In a campaign with relativistic star travel or very slow FTL, a rogue bioprobe could become a scout, searching out new systems for the colony ship with which it was affiliated. In an interstellar war, they can be spies, scouts and forward observers. And how better to approach an invasion plot than with a turncoat on your side?

Even in a setting without starflight like Terradyne or Transhuman Space, a bioprobe PC is possible. The most likely scenario would make the rogue a solitary visitor to an inhabited system unfamiliar with the race. For a GM intrigued by the possibilities of an invasion plot, however, the probe PC could be an escapee from an in-system infestation like that found in the opening vignette.

Factory/Mother. If a suitable source of raw materials is found, be it in an asteroid or protocomet belt around the star, or in another environment (such as a planetary surface) to which the rover is already adapted, and no bioprobe has settled the system yet, the cycle begins anew. The rover affixes itself firmly to the chosen object, and metamorphoses into a factory/mother. This is the final stage in the bioprobe life cycle, a pseudo-organic manufacturing plant capable of churning out larvae as fast as it can be fed the raw materials needed to spawn them. It is also the hub of the system-wide bioprobe hive mind.

A factory/mother resembles nothing more than a dome of rock some thirty to forty feet across, permanently anchored into the substance of an asteroid or protocomet. At one end is a circular maw approximately five feet in diameter, lined with sharp teeth on jaws that can spiral shut like the iris of a camera. The six legs of the original larva reappear as tentacle-like limbs three yards long, spaced equidistantly around the mouth. Its stony shell provides armor that is proof against both attackers and the inevitable micrometeorites. It also retains any "wild card" adaptations it made in larval or rover state, which can conceivably allow it to base itself in otherwise hostile terrains.

Approximately 35 hours after transforming, the factory/mother spawns its first larva, spending a significant fraction of its own internal mass to do so. Once the larva starts feeding it, the factory consumes voraciously and produces continuously -- one larva every 35 hours for anywhere from one to two and a half standard years. (Larvae spawned by a factory/mother adapted to and living in an otherwise hostile environment -- such as the aquatic probes on May's World -- are "pre-adapted" for that environment by the factory/mother. If the factory/mother is operating in a standard vacuum/microgravity environment, its larvae receive no pre-adaptation.)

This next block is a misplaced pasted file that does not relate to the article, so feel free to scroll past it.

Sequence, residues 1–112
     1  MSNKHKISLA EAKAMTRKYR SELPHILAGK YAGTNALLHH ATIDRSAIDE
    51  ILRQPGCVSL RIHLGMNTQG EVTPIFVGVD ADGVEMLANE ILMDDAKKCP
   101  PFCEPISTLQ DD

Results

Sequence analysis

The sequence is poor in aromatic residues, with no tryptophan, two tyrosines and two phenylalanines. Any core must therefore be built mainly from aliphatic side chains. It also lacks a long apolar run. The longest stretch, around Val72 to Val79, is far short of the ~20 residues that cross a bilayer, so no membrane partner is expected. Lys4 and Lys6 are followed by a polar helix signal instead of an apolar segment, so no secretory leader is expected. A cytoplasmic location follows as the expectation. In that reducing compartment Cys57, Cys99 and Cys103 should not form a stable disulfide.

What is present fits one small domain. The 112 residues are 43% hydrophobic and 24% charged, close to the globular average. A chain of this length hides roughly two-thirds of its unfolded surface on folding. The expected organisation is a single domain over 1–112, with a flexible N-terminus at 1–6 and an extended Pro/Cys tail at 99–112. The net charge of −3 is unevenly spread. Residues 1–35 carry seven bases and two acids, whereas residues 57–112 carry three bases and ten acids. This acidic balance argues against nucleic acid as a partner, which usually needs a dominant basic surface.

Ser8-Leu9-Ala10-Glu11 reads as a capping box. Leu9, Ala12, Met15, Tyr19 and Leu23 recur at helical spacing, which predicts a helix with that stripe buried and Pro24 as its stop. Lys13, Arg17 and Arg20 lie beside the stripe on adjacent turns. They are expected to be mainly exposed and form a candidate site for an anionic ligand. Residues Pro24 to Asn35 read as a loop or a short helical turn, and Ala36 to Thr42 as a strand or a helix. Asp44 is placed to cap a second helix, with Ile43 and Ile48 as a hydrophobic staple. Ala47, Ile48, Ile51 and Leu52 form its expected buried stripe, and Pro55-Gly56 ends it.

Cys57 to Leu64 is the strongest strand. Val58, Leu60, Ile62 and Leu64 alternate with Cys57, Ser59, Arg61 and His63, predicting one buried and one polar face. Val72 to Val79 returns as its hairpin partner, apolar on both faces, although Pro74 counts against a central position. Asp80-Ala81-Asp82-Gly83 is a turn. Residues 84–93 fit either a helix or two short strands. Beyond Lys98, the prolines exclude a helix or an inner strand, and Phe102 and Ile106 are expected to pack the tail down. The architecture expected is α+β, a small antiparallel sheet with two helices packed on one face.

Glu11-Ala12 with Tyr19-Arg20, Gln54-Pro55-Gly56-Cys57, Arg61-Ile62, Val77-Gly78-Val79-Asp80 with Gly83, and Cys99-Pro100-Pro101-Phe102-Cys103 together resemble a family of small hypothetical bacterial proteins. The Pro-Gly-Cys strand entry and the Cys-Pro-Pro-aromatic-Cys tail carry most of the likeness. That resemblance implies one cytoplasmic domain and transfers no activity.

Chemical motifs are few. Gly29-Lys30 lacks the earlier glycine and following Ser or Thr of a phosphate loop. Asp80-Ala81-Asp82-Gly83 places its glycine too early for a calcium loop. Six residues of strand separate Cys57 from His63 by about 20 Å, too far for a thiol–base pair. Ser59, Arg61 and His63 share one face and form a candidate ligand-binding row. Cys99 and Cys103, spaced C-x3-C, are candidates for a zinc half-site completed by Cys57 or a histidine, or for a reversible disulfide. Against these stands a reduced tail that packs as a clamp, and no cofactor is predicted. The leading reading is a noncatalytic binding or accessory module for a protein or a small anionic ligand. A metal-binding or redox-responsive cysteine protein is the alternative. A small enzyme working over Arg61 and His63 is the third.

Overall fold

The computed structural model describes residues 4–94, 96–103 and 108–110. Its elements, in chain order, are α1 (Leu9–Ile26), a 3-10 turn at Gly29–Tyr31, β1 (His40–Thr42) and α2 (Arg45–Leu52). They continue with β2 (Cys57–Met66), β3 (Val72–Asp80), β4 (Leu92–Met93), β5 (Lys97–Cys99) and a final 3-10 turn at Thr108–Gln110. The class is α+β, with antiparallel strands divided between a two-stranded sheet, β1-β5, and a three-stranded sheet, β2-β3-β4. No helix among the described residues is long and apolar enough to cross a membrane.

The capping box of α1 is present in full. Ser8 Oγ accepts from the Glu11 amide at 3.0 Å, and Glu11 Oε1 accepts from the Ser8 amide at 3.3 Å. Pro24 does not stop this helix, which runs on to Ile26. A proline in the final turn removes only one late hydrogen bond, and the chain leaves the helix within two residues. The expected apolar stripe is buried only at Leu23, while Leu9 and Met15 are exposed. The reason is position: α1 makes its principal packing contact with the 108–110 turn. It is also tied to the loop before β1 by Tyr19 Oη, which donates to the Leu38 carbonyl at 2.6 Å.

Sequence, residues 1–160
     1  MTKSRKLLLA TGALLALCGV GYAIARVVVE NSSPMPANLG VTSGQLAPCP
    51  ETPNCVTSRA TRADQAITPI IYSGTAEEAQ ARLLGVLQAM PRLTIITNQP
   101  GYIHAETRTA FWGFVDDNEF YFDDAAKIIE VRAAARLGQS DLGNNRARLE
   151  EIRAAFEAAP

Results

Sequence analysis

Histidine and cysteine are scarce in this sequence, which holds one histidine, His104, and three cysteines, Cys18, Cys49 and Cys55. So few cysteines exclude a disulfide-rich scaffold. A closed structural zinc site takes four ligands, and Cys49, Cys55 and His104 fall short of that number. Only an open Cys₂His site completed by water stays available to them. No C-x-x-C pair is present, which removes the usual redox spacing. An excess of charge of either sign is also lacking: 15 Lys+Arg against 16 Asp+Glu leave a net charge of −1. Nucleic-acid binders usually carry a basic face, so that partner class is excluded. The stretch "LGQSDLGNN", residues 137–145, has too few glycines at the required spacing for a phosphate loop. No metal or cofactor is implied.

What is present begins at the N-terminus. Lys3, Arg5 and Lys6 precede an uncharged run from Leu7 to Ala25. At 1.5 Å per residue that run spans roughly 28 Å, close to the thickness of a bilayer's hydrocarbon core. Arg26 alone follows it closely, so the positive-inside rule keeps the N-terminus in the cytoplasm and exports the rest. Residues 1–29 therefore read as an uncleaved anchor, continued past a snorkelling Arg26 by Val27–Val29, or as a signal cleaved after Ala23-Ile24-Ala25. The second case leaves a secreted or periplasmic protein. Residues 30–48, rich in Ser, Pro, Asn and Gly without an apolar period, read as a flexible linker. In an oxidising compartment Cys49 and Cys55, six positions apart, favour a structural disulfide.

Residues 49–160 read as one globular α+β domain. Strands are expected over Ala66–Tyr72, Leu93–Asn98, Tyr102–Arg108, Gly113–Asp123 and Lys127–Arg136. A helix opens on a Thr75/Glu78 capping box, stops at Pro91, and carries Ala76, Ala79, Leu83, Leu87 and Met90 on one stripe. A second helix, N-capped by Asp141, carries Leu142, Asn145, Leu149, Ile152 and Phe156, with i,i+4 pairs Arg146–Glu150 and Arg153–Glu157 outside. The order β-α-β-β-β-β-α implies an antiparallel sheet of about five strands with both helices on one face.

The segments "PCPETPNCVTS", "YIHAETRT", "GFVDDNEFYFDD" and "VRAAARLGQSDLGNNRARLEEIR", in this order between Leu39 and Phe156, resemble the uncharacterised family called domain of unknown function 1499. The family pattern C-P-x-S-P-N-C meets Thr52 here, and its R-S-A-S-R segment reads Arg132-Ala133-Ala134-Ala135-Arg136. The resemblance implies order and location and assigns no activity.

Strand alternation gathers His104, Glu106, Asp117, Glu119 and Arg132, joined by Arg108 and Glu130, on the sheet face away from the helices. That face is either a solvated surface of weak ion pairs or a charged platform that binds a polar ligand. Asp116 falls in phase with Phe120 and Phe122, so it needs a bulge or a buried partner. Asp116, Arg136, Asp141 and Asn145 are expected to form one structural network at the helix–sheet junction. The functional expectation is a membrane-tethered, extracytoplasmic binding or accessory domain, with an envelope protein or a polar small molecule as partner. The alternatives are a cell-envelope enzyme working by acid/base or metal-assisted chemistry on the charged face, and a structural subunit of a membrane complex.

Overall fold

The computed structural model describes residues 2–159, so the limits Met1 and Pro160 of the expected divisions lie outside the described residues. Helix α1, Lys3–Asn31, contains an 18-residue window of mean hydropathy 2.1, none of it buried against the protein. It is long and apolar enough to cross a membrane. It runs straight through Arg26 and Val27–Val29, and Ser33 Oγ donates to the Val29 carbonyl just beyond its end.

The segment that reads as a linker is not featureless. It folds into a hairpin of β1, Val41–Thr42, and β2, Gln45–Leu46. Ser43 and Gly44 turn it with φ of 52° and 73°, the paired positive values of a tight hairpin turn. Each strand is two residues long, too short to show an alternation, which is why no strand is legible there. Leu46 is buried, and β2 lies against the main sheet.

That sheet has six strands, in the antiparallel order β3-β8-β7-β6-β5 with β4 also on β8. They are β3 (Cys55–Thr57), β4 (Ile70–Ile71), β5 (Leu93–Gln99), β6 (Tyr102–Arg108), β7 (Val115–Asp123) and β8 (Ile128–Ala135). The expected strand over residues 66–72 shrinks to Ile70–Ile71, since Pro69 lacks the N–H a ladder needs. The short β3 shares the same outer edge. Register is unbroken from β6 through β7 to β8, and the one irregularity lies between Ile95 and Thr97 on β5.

At the end of its productive period, the factory/mother issues a recall to its spawn as noted above, and begins a shutdown process. When all the larvae have changed to rovers and have launched, the factory/mother dies, usually within 2-4 weeks. At the moment of death, acid sacs strategically positioned within its body burst, destroying its internal structure.

Larvae and rovers are technically neuter; factory/mothers are effectively female.


The bioprobes are a race of hive minds. Individual larvae and rovers have no need of personal names, unless they are rogues. Each colony may well have a unique personal designation, but as they do not communicate with other species, this is unknown. Galactic civilization refers to individual colonies by the name of the system they have infested. What, if any, racial name the entire species of bioprobes calls itself is unknown.

Rogues tend to be eclectic and somewhat random in their choices once they understand the need for names. "Fred," "Licorice Mauve," "Watering Can," and "Puppy 39" are examples of self-selected rogue names.


If normal bioprobes have any kind of sophisticated psychology, it isn't apparent to any of the trained observers who have attempted to deduce it. That they are indeed some variety of hive mind has been determined through a long series of field experiments. Direct observation has revealed behaviors that seem indicative of human-level intelligence, but experience warns that one sentient's "intelligence" is frequently another sentient's "instinct."

One thing they certainly possess is a well-defined sense of property and ownership. Unlike animals such as the jackdaw and the packrat, which gather collections of shiny items, bioprobes are apparently able to enumerate and distinguish between individual objects. Evidence suggests they "inventory" the materials they acquire for the mother/factory's use, especially if those materials are stockpiled instead of fed directly into its consuming maw. They understand theft (at least theft from themselves), and will unflaggingly pursue thieves to the best of their ability (which can be substantial, since the hive mind allows all bioprobes of a colony to identify the stolen items and those who took them). There are accounts of larvae bioprobes attacking starships whose owners had managed to recover "scavenged" equipment and remount it.